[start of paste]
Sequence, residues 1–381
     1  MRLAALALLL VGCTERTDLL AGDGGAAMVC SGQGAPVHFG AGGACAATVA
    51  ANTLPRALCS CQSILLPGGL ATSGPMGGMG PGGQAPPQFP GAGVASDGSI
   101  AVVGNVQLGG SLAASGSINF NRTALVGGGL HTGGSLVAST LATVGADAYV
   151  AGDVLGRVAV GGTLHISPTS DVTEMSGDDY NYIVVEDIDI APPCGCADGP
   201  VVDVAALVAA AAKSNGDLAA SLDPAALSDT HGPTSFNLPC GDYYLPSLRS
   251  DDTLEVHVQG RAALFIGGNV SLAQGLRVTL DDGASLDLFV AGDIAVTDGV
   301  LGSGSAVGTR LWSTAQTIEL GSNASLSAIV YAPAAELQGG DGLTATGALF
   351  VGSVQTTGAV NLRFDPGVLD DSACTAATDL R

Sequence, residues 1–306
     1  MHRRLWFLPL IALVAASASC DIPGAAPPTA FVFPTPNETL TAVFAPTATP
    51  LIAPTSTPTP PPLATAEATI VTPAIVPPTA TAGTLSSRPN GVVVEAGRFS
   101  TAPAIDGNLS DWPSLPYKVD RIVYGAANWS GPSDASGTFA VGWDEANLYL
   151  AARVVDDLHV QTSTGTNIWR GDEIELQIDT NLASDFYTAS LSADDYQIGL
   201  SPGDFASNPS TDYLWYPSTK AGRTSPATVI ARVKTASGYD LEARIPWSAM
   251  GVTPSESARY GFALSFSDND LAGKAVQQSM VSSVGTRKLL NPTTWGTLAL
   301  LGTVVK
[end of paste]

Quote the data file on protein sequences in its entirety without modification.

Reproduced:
Sequence, residues 1–381
     1  MRLAALALLL VGCTERTDLL AGDGGAAMVC SGQGAPVHFG AGGACAATVA
    51  ANTLPRALCS CQSILLPGGL ATSGPMGGMG PGGQAPPQFP GAGVASDGSI
   101  AVVGNVQLGG SLAASGSINF NRTALVGGGL HTGGSLVAST LATVGADAYV
   151  AGDVLGRVAV GGTLHISPTS DVTEMSGDDY NYIVVEDIDI APPCGCADGP
   201  VVDVAALVAA AAKSNGDLAA SLDPAALSDT HGPTSFNLPC GDYYLPSLRS
   251  DDTLEVHVQG RAALFIGGNV SLAQGLRVTL DDGASLDLFV AGDIAVTDGV
   301  LGSGSAVGTR LWSTAQTIEL GSNASLSAIV YAPAAELQGG DGLTATGALF
   351  VGSVQTTGAV NLRFDPGVLD DSACTAATDL R

Sequence, residues 1–306
     1  MHRRLWFLPL IALVAASASC DIPGAAPPTA FVFPTPNETL TAVFAPTATP
    51  LIAPTSTPTP PPLATAEATI VTPAIVPPTA TAGTLSSRPN GVVVEAGRFS
   101  TAPAIDGNLS DWPSLPYKVD RIVYGAANWS GPSDASGTFA VGWDEANLYL
   151  AARVVDDLHV QTSTGTNIWR GDEIELQIDT NLASDFYTAS LSADDYQIGL
   201  SPGDFASNPS TDYLWYPSTK AGRTSPATVI ARVKTASGYD LEARIPWSAM
   251  GVTPSESARY GFALSFSDND LAGKAVQQSM VSSVGTRKLL NPTTWGTLAL
   301  LGTVVK